NEW MEXICO (KRQE) – The state agency overseeing New Mexico’s insurance industry is fighting a crippling cyber-attack. The Office of the Superintendent of Insurance has been shut down all week because of the attack. 

While the office is calling it a “cyber-attack,” News 13 has learned Superintendent of Insurance is dealing with “ransomware”. An IT service provider told us these kinds of attacks are a growing trend that are bound to happen to more government agencies. 


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“It is hard to defend against because you have to be near perfect to secure a place. The tools, the processes and the behavior of the users have to be nearly flawless. Whereas an attacker needs to find a single vulnerability,” says Joshua Liberman, President of Net Sciences Inc.  

The Office of the Superintendent of Insurance or “OSI” wouldn’t do an interview about the problem, but they said they’re working to get computers back online. News 13 has obtained information that the attackers are asking for around two million dollars in ransom to unlock the office’s data. A spokesperson for the Department of Information Technology did not confirm the ransom demand, saying there is no evidence of any data being taken and the attack is still under investigation.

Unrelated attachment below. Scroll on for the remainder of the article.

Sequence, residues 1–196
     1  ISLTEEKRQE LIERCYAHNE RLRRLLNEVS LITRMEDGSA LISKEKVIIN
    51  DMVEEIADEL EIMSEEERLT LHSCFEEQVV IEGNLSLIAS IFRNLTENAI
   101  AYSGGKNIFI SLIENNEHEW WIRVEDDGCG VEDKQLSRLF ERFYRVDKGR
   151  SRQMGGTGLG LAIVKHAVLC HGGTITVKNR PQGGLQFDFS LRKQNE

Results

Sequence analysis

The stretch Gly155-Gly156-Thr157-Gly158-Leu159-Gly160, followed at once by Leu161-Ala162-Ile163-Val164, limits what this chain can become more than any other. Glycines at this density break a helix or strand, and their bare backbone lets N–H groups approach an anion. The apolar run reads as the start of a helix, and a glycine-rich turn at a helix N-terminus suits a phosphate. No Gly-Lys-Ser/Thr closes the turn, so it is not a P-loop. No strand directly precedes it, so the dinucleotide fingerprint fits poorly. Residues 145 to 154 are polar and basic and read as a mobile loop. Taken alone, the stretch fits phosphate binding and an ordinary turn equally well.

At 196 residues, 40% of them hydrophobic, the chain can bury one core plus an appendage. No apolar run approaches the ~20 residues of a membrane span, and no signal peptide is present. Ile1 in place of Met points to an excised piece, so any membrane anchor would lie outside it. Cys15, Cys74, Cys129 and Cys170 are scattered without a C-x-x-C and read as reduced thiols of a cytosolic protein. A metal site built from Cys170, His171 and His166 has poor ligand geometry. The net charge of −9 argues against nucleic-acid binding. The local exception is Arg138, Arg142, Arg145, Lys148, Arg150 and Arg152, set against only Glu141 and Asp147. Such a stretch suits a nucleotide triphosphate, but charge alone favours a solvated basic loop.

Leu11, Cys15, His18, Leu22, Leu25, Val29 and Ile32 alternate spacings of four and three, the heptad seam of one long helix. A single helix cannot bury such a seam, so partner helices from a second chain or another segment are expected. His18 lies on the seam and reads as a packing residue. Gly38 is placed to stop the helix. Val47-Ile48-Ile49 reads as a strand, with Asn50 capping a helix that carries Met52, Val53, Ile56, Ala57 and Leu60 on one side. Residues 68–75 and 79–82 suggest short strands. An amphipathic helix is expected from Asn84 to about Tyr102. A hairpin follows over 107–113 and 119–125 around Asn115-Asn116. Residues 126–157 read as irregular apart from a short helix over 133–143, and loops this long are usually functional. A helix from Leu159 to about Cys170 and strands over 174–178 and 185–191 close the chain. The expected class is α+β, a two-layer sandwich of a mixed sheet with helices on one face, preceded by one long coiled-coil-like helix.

OSI said it’s still trying to determine if any of the data in the attack was taken. An Albuquerque-area ransomware expert, Joshua Liberman said these attacks force agencies to constantly put employees on alert over what they click. “They know how much you can afford to pay and they know you’re going to try to negotiate should you choose to pay and they’re good at this…It will never be 100% possible to secure a network, business, or people, but that doesn’t mean you don’t try hard,” says Liberman.   

Since the attack unfolded, OSI’s website, emails, and phones have been knocked offline. The OSI said they’re working with law enforcement, the state’s “Department of Information Technology” and a third-party forensic expert. They’re hoping to get the systems back running again early next week. News 13 has learned that federal authorities are helping work on the problem.